458 Meylert St Laporte PA 18626
TOURING SULLIVAN COUNTY’S MUSEUM
. . . while dusting
The Teacher's Institute
An acquisition recently came in from Winnie Ferguson of Lake Mokoma, whose origins begin in New York. Winnie’s gift to the museum is a 1903 Barnes, New National Third Grade Reader given to her uncle “Master Gerald A. Griswold” (born 8/7/1893, died 5/12/1970) on May 27th of that year. The book has seen quite a bit of use and these editions could be found in many schools throughout this country at the time. The illustrations are wonderful and the mission of each lesson could easily be taught today. Winnie’s recollection begins with the poem found on the first page, as her mother, Analda Rose Fournier Griswold, would “recite to us as she buttoned us up to get us off to school (we walked every single day rain or snow one mile to school).” It goes like this:
“High and low The winter winds blow! They fill the hollow with drifts of snow,
And sweep on the hills a pathway clear; They hurry the children along to school,
And whistle a song for the happy New Year.”
Then on page 59 of the book, this:
“High and low The spring winds blow! They take the kites that the boys have made,
And carry them off high into the air: They snatch the little girls’ hats away,
And toss and tangle their flowing hair.”
The book was first given to Gerald and then Winnie’s father, Ralph John Griswold (born 7/14/1896, died 5/9/1986), as such things were affectionately referred to as “hand-me-downs.” Winnie’s mother Analda was born 2/20/1898 and died 4/4/1997. She taught school herself from 1916 to 1919. Here’s where it gets interesting because this scenario isn’t unusual to the time in any place.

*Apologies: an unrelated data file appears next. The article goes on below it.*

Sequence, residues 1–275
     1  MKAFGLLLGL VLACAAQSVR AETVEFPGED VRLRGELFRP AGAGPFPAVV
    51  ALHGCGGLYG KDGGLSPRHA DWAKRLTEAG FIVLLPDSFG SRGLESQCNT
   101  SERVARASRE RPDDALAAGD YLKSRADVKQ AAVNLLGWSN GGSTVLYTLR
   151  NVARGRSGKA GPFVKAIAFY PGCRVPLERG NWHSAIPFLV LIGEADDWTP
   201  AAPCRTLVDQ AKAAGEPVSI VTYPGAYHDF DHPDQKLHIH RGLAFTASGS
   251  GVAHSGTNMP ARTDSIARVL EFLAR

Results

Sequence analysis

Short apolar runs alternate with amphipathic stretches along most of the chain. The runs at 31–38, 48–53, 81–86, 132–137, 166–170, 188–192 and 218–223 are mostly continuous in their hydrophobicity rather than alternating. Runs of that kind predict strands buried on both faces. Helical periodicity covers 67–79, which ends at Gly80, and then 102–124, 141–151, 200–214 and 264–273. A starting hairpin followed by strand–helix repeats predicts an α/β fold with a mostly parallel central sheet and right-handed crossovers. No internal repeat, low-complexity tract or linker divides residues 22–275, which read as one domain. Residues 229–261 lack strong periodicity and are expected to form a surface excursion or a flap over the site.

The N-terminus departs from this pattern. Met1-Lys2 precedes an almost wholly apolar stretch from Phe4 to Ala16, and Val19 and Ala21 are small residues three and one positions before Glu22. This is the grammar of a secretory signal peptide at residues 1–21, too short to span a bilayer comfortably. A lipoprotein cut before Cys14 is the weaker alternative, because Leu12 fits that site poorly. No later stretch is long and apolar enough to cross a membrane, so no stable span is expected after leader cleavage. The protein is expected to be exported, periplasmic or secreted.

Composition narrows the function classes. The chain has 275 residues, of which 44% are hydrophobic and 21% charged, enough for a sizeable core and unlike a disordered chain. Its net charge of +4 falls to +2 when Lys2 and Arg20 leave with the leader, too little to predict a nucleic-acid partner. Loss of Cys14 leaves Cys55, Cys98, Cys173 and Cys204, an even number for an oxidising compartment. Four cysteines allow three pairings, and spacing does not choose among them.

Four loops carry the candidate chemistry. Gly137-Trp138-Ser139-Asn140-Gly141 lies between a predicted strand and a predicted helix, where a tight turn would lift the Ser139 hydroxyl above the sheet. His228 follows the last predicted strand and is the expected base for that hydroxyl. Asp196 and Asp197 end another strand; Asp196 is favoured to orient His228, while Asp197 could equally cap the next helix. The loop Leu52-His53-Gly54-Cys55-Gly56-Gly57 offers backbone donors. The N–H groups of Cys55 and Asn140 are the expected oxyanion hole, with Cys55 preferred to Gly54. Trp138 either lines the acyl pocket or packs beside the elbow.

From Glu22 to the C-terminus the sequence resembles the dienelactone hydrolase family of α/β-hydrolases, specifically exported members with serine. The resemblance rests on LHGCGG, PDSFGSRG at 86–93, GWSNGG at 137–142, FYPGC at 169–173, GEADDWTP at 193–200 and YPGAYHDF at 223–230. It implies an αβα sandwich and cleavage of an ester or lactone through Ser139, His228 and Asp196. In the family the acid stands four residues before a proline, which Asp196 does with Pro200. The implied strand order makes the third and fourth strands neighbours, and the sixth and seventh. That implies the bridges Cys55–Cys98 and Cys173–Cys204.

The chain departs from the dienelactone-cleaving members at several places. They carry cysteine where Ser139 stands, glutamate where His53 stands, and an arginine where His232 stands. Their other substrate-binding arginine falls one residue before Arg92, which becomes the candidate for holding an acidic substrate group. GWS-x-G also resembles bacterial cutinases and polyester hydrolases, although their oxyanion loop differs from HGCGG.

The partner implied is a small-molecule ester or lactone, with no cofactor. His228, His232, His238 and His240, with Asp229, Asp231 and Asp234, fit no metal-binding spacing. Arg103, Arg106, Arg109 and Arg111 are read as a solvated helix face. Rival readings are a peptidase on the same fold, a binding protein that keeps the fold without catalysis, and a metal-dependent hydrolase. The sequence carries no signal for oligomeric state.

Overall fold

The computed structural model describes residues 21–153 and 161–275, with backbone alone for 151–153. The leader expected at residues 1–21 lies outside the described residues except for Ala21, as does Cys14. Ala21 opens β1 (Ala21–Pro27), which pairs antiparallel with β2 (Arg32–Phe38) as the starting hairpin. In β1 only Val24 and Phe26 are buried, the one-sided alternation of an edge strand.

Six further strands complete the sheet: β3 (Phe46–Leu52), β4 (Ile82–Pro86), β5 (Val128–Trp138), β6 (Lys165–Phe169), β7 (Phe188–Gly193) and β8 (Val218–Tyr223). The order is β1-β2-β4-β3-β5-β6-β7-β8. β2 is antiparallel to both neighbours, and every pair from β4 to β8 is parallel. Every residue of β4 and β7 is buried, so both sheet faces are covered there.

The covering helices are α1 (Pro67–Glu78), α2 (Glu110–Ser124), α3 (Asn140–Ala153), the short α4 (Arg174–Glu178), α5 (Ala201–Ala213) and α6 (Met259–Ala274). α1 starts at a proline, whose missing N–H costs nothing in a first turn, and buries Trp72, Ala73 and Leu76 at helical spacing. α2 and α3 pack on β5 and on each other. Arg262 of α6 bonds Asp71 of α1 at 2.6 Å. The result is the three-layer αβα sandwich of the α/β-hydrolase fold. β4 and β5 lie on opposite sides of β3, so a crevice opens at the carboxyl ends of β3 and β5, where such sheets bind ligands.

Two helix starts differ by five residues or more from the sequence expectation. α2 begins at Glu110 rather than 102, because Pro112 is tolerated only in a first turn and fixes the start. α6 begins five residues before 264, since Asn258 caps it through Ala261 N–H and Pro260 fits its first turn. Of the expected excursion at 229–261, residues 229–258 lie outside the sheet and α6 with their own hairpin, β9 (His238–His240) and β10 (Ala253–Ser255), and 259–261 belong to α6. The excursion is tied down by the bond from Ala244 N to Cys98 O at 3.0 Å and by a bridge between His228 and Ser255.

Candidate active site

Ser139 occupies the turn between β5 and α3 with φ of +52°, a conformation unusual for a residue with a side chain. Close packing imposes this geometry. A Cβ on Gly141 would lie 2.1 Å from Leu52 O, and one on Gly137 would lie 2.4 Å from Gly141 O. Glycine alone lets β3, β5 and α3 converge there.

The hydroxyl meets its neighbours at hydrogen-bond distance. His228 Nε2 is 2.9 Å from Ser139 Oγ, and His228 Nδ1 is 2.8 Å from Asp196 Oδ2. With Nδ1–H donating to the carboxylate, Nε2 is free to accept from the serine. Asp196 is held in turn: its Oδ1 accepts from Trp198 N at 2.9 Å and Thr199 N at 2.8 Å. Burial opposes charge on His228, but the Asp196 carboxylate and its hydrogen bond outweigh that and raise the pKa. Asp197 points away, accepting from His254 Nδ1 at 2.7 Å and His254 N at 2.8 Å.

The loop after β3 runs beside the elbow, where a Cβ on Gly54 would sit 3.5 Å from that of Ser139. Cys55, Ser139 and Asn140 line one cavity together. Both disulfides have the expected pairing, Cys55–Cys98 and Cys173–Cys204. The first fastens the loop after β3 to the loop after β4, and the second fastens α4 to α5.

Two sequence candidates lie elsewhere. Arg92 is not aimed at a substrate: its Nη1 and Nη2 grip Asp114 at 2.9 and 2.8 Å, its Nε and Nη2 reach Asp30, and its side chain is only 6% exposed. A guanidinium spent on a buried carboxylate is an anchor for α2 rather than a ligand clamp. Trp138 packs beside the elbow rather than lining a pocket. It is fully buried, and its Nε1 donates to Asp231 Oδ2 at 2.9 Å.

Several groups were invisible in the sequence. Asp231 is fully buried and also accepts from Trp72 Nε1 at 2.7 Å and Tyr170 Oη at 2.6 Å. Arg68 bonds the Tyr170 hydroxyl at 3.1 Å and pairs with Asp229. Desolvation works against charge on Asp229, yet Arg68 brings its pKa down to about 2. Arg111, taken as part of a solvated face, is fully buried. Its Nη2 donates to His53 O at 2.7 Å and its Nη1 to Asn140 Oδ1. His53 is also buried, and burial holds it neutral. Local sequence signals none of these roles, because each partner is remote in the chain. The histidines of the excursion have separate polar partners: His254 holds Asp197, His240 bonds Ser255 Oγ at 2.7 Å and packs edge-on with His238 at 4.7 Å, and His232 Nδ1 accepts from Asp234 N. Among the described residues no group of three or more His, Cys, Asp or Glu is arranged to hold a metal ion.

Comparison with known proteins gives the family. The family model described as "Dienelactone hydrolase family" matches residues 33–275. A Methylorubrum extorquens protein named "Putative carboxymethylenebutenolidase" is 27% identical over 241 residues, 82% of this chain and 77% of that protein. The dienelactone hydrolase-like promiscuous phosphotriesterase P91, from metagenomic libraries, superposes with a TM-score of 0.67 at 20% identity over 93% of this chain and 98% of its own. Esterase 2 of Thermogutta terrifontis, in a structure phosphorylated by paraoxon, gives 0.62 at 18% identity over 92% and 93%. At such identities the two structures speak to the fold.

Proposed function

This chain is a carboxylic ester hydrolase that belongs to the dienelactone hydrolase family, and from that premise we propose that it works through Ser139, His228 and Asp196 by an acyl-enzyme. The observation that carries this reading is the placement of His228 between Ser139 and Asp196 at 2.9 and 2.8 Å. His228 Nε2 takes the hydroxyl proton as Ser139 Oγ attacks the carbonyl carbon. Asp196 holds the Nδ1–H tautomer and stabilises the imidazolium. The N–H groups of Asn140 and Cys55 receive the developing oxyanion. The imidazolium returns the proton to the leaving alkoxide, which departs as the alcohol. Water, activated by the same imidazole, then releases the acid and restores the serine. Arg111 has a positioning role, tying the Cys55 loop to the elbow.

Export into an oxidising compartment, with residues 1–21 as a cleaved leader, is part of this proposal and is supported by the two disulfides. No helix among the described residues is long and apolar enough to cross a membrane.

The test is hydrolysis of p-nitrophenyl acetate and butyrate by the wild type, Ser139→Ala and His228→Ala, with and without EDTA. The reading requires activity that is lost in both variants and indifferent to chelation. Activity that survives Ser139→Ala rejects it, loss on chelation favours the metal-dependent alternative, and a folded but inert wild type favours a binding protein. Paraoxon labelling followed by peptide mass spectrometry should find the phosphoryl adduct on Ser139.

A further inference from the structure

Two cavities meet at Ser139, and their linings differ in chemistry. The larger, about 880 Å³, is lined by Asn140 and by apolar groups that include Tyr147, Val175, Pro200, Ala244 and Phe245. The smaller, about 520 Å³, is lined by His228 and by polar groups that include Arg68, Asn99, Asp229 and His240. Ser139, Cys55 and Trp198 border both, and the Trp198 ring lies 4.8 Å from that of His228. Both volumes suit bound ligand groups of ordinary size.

Analda had met and fallen in love with Ralph. “Initially they went to the local town clerk to secure a marriage license on Feb. 24, 1919 – when she told her school superintendent that she and Ralph would be married shortly, he told her she couldn’t do that since married women could not teach in Vermont [where they were living at the time] and he could never get a substitute on such short notice for four months of teaching. So, they turned their marriage license back in to the town clerk. In June, they once again went to the Town Clerk to get a new license, he said okay, pulled open a desk drawer, lifted out the original marriage license, crossed off the February 24th date and over top of it wrote 19th of June.” They were married on the 20th. and Winnie still has that original marriage certificate.
The reason we say that this isn’t unusual is because so many interviews, or tracing of family histories, depict this exact situation. As Winnie also states: “by the law in the State of Vermont where she taught, she had to give up teaching since married women could not teach.” There were many reasons why school districts enacted this particular edict. One such reason is based on the French word “enceinte” meaning pregnancy or “grossesse” meaning pregnant. There is no reliable or accurate French equivalent for the phrase “in the family way” but for these euphemisms you get the idea.
The attitude of the day may seem foreign to us now but for the time is was a very real concern, albeit for the men of the day. This writer is reminded of an ad phrase “We’ve come a long way, Baby!”
Copyright 2012 Sullivan County PA Historical Society and Museum. All rights reserved.
The Sullivan County PA Historical Society and Museum is a registered 501(c)(3).